Super Tuesday: How to watch the Democratic primary results without cable

By: Matt ElliottDavid Katzmaier

From our friends at CNET be sure to check out their site for all of the latest new media news and technology.

Get ready for the biggest day of the 2020 Democratic Primary so far. Voters in 14 states go to the polls today, aka Super Tuesday, and the results will help decide who faces Donald Trump in the presidential election this November. Nationwide poll averages find Senator Bernie Sanders with a healthy lead over former Vice-President Joe Biden in second place and billionaire Michael Bloomberg in third. 

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Sanders will look to capitalize on his early wins in IowaNew Hampshire and Nevada and enjoys significant polling advantages in California and Texas, the two biggest Super Tuesday prizes with 643 delegates up for grabs — nearly a third of the total required to secure the nomination. Biden comes off of his first-ever primary win in South Carolina hoping to counter Sanders, especially with moderate voters in states like North Carolina and Virginia, where he polls well. And for the first time voters will actually be able to cast primary ballots for Bloomberg, Biden’s chief moderate rival, who spent more than $170 million on advertising in the 14 Super Tuesday states.

Polls close in the earliest states to vote, Vermont and Virginia, at 7 p.m. ET (4 p.m. PT) on Tuesday, and results will flow in throughout the evening. Here’s how you can watch the projections and tallies unfold live, for free and without cable.

Super Tuesday state-by-state poll closings, delegates at stake

News organizations could begin calling states as soon as polls close, so here’s a cheat sheet of when to expect to hear the first results, as well as how many delegates are at stake in each contest. Note that final results, especially for California, could take days or even weeks to become official.

  • Vermont: Polls close at 7 p.m. ET (4 p.m. PT), 16 delegates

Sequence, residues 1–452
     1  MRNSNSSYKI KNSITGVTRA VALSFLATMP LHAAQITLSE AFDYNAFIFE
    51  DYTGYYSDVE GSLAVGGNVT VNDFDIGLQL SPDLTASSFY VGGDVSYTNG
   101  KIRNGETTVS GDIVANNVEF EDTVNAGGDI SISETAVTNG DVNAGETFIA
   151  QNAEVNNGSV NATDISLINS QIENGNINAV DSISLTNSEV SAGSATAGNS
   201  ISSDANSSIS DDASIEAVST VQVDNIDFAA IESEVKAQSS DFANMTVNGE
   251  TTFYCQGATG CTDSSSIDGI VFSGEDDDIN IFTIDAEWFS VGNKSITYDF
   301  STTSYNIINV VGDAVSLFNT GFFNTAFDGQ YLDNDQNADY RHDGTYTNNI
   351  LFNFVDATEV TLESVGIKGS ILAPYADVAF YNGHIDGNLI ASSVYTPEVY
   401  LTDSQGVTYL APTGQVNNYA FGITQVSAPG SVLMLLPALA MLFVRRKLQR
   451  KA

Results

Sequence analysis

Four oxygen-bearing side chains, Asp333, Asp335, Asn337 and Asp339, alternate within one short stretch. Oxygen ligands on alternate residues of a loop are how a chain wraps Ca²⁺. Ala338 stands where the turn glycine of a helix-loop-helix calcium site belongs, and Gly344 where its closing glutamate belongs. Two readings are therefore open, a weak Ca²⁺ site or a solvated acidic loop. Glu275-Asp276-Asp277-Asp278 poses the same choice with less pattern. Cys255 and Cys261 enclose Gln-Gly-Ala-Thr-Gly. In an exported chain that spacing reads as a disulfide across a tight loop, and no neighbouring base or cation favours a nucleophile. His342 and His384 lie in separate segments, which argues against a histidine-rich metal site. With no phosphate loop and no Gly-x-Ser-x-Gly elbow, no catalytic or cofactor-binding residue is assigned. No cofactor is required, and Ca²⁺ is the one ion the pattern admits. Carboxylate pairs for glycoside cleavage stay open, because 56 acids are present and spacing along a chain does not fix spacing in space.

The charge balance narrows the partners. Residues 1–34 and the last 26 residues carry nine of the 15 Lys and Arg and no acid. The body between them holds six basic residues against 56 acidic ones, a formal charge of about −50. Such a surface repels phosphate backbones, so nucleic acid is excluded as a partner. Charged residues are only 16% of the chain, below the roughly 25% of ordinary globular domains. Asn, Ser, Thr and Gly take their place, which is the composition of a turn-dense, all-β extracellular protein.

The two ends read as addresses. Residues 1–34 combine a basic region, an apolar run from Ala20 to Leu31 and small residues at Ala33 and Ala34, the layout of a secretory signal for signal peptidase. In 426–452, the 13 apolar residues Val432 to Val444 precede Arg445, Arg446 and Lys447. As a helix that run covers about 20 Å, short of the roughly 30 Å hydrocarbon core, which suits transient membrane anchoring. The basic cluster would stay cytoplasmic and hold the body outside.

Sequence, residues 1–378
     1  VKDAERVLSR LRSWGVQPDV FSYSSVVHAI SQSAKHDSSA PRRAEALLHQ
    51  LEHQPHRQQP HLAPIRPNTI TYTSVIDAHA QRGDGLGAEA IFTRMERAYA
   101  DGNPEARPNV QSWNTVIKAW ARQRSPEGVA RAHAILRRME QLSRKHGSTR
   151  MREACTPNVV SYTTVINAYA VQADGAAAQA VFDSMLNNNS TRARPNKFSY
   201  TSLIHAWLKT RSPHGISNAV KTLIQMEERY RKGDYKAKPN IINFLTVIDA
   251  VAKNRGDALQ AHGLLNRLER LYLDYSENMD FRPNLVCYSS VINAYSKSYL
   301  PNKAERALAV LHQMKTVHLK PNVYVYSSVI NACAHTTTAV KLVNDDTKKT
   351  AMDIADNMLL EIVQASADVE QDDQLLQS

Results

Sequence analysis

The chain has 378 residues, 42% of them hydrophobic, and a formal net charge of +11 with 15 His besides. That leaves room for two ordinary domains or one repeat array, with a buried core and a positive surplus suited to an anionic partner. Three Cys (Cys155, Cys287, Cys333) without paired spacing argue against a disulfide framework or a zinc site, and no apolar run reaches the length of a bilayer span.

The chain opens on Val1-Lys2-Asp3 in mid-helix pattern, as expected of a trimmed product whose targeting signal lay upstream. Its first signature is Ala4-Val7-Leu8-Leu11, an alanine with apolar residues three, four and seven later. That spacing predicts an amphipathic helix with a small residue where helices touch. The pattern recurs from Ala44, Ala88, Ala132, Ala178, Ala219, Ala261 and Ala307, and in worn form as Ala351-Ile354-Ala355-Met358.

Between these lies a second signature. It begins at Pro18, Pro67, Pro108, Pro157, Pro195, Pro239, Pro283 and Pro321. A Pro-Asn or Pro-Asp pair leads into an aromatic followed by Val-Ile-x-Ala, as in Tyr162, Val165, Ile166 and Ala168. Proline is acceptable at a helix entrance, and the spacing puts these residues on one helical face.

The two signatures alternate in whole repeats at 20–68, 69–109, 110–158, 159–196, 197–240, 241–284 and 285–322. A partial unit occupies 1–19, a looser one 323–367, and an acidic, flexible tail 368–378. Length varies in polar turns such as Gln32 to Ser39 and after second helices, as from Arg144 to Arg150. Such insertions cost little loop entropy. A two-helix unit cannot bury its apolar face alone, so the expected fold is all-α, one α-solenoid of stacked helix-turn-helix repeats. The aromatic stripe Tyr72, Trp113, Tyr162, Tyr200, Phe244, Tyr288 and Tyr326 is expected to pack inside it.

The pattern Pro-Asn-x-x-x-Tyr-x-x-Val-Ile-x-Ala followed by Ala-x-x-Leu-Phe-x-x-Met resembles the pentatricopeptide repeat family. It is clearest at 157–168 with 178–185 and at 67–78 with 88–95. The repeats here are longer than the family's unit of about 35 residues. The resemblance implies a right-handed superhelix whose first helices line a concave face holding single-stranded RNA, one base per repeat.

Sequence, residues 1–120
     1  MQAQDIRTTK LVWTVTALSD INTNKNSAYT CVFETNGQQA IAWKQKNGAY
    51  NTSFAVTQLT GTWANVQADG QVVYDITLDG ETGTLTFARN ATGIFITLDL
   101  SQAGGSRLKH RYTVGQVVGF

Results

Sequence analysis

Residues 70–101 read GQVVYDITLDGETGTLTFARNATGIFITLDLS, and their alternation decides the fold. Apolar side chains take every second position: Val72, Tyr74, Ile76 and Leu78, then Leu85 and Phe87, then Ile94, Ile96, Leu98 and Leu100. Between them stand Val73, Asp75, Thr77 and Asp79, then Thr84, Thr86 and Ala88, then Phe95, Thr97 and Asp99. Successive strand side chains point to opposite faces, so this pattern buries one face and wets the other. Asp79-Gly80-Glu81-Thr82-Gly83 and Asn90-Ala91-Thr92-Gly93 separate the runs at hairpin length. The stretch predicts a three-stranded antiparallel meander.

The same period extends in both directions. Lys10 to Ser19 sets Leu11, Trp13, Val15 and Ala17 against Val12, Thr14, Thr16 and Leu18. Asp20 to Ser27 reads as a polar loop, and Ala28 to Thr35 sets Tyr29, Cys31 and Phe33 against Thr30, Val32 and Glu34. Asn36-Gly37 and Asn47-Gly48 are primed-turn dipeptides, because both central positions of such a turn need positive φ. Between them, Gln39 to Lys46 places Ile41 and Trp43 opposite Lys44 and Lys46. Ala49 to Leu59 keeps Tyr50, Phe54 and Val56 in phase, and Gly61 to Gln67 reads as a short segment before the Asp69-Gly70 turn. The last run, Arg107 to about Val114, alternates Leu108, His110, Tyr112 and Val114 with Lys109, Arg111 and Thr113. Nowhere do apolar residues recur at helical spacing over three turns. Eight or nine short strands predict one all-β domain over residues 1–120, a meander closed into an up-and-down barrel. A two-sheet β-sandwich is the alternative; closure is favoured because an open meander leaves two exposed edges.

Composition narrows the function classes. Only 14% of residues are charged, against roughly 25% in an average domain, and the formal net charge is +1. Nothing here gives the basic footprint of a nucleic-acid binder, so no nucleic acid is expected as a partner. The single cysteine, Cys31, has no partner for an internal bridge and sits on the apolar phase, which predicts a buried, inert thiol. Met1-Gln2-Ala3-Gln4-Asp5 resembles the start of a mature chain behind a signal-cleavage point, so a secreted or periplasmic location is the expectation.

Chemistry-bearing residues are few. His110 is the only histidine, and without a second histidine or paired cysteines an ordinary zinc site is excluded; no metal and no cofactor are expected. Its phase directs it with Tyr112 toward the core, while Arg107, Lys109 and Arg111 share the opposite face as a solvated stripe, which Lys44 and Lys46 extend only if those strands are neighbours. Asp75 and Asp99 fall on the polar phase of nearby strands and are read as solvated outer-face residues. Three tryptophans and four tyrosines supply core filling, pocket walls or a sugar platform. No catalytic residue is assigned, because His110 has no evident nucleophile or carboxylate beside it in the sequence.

• Virginia: 7 p.m. ET (4 p.m. PT), 99 delegates
  • North Carolina: 7:30 p.m. ET (4:30 p.m. PT), 110 delegates
  • Alabama: 8 p.m. ET (5 p.m. PT), 52 delegates
  • Maine: 8 p.m. ET (5 p.m. PT), 24 delegates
  • Massachusetts: 8 p.m. ET (5 p.m. PT), 91 delegates
  • Oklahoma: 8 p.m. ET (5 p.m. PT), 37 delegates
  • Tennessee: 8 p.m. ET (5 p.m. PT), 64 delegates
  • Arkansas: 8:30 pm ET (5:30 p.m. PT), 31 delegates
  • Colorado: 9 p.m. ET (6 p.m PT), 67 delegates
  • Minnesota: 9 p.m. ET (6 p.m PT), 75 delegates
  • Texas: 9 p.m. ET (6 p.m PT), 228 delegates
  • Utah: 10 p.m. ET (7 p.m. PT), 29 delegates
  • California: 11 p.m. ET (8 p.m. PT), 415 delegates

How to watch Super Tuesday results live

Live coverage of Super Tuesday can be seen on the CBS News website or CBS News app. You can watch the CBS News livestream for free without authentication, which means you won’t have to sign in at all, just start streaming. (Disclosure: ViacomCBS is the parent company of CNET.)

You can also watch for free online at C-SPAN starting at 9 p.m. ET on Tuesday.

Cord cutters can also watch the Super Tuesday results with a live TV streaming service. All of the major networks and news channels will have live coverage, with CNN and MSNBC devoting the most programming hours to their coverage. Not every service carries every local network, so check each one using the links below to make sure it includes the local network that you want to watch the results on in your area.

YouTube TV

YouTube TV costs $50 a month and includes all the channels news watchers need: ABC, CBS, Fox and NBC along with CNN, Fox News, MSNBC and PBS. Plug in your ZIP code on its welcome page to see which local networks are available in your area. Read our YouTube TV review.

SEE AT YOUTUBE TV

Hulu with Live TV

Hulu with Live TV costs $55 a month and includes ABC, CBS, Fox and NBC along with CNN, Fox News and MSNBC, but not PBS. Click the “View channels in your area” link on its welcome page to see which local channels are offered in your ZIP code. Read our Hulu with Live TV review

.SEE AT HULU WITH LIVE TV

AT&T TV Now

AT&T TV Now’s basic, $65-a-month Plus package includes ABC, CBS, Fox and NBC along with CNN, Fox News and MSNBC, but not PBS. You can use its channel lookup tool to see which local channels are available where you live. Read our AT&T TV Now review.

SEE AT AT&T TV NOW

Sling TV

Sling TV’s $30-a-month Blue plan includes Fox and NBC along with CNN, Fox News and MSNBC. Neither of Sling TV’s plans includes ABC, CBS or PBS. Sling’s packages are discounted by $10 for the first month. Enter your address here to see which local channels are available where you live. Read our Sling TV review.

SEE AT SLING TV

FuboTV

FuboTV costs $55 a month and includes CBS, Fox and NBC along with CNN, Fox News and MSNBC but not ABC or PBS. Click here to see which local channels you get. Read our FuboTV review.

SEE AT FUBOTV

All of the live TV streaming services above offer free trials, allow you to cancel anytime and require a solid internet connection. Looking for more information? Check out our massive streaming services guide.

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News Talk Florida Staff